Diwali, the festival of lights, sees millions attend firework displays, prayers and celebratory events across the world every autumn.
Celebrated by Hindus, Sikhs and Jains for a variety of reasons, the main theme is the triumph of light over darkness and good over evil.
Here we take a look at one of the most significant festivals in Indian culture.
What is Diwali?
Also known as Deepavali, a Sanskrit word meaning “rows of lighted lamps”, it is one of the most popular Hindu festivals celebrated across South Asia. But it is also celebrated by Jains and Sikhs.
The festival of lights that celebrates the victory of light over darkness, good over evil and knowledge over ignorance.
It sees millions of earthenware oil lamps, called diyas, light up people’s homes, shops, public spaces and places of worship as part of celebrations which marks the start of the Hindu new year.
When is it celebrated?
Diwali falls between October and November, but the exact date changes each year as it is marked by the Hindu lunar calendar.
It lasts five days in total, with the festival of lights falling on the third days of celebrations, which is marked on the 15th day of the Hindu month Kartik.
This year that falls on 19 October.
What are the different legends being celebrated?
For many Hindus, Diwali celebrates the return of the deities Rama and his wife Sita to Ayodhya, an ancient Indian city believed to be the lord’s birthplace, following a 14-year period in exile and a battle fought by Rama and his army against the demon Ravana.
The demon had kidnapped Sita and Rama travelled along with Hanuman, the deity in the form of a monkey-man, to rescue her and kill the evil demons - as depicted in the epic "Ramayana".
Their victorious return home was celebrated by lighting the kingdom with lamps.
Diwali also celebrates the goddess of wealth and prosperity, Lakshmi. Some believes it falls on her birthday and the day she married Lord Vishnu.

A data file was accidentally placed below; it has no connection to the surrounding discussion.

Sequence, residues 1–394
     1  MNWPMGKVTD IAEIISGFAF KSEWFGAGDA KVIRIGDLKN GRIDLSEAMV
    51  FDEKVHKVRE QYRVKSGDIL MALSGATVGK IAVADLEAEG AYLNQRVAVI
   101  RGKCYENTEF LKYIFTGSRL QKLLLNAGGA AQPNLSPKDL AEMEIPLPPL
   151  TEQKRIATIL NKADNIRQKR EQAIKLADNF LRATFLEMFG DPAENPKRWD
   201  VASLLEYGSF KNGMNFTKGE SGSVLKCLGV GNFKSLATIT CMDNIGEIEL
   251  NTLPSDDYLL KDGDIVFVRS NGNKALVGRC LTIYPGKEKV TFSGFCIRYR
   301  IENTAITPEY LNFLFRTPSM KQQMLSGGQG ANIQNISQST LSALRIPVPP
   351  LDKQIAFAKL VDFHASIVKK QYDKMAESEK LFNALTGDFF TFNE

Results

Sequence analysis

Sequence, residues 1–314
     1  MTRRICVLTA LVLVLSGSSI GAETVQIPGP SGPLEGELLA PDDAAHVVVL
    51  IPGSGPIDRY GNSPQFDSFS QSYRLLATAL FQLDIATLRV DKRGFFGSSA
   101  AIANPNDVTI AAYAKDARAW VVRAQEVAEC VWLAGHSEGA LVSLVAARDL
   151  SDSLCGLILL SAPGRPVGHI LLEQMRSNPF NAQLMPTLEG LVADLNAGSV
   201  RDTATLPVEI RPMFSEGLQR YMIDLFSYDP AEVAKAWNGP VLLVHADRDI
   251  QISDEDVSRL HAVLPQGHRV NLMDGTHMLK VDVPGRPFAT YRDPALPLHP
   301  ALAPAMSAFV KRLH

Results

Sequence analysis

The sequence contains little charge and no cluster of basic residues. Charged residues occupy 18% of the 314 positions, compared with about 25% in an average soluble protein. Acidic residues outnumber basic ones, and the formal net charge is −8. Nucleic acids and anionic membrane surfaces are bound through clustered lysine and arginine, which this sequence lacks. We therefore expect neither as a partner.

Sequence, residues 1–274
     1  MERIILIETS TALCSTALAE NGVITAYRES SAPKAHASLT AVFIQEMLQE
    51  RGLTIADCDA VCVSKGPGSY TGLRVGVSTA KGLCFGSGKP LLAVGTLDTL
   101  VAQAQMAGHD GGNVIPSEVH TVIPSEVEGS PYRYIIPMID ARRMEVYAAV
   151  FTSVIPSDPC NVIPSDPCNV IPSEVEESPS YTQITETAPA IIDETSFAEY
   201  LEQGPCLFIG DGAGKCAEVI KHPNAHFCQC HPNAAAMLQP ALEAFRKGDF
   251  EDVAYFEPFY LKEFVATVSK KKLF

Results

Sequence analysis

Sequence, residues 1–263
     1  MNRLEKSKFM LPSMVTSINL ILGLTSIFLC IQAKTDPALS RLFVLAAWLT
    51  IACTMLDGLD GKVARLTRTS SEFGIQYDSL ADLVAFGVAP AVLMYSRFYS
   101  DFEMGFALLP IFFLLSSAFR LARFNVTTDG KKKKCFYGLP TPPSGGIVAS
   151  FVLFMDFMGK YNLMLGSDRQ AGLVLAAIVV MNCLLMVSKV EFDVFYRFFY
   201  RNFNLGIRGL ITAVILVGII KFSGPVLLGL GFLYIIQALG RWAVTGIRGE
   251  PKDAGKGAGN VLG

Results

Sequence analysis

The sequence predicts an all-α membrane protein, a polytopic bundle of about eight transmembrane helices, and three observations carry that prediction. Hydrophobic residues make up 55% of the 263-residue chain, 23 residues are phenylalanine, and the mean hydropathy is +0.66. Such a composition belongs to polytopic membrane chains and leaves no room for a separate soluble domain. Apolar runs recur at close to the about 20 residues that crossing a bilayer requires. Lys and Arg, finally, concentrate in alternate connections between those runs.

Many in India leave their windows and doors open and light lamps to allow Lakshmi to find her way into their homes.
Many Sikhs celebrate the release of the sixth guru Hargobind Singh and 52 other princes from prison in 1619.
However Sikh celebrations for Diwali stretch further back than this date.
For Jains, it is a celebration of their Tirthankara, or spiritual leader, specifically their 24th of the current age, Tirthankar Mahavira, reached Moksha - the release from the death and rebirth cycle into infinite bliss and knowledge.
How is it celebrated?
Diwali is part of a five day festival that is celebrated with music, lights, fireworks and sharing traditional sweets.
Many people prepare for the festival by cleaning and decorating their homes, and on the night of celebrations wear new clothes and take part in family puja, or prayers to Lakshmi.
Rangoli artwork – patterns and designs made from coloured powders, ground rice powders and flowers – are displayed, commonly depicting a lotus leaf.
Celebrations held across the UK included an annual festival in London’s Trafalgar Square presented by Mayor of London Sadiq Khan.
This had a programme of music and dance performances with traditional food available and activities such as yoga and henna.
Leicester’s celebrations, which are understood to be one of the biggest outside of India, saw 40,000 people turn up to watch the annual Diwali lights switch-on, with music and dancing held on the city’s Golden Mile.
It ended with a firework display.